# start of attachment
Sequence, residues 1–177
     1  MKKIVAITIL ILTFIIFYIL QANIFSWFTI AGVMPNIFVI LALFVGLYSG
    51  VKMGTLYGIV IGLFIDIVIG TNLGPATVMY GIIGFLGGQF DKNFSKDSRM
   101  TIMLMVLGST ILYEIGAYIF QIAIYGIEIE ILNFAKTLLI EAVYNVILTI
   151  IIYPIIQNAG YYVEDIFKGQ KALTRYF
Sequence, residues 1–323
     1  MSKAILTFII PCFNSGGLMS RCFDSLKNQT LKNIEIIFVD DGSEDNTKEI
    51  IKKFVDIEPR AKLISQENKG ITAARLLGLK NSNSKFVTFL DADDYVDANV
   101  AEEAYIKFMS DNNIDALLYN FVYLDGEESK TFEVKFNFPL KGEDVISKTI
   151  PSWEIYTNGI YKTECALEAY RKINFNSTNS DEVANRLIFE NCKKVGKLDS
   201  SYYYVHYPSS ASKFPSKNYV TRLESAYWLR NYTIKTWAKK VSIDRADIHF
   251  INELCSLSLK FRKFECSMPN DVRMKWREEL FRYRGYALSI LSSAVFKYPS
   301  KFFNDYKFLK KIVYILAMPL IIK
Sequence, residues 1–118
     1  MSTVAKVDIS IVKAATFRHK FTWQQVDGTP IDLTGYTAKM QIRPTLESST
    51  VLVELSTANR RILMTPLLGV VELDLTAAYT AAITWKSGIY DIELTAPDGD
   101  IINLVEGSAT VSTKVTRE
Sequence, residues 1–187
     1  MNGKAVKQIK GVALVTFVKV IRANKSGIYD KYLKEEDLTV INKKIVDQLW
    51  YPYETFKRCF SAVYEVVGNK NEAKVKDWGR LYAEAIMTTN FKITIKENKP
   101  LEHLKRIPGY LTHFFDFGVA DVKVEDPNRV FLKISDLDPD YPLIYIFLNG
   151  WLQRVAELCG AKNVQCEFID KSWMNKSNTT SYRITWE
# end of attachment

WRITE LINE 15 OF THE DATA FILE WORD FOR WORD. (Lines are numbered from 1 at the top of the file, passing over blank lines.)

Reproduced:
     1  MSTVAKVDIS IVKAATFRHK FTWQQVDGTP IDLTGYTAKM QIRPTLESST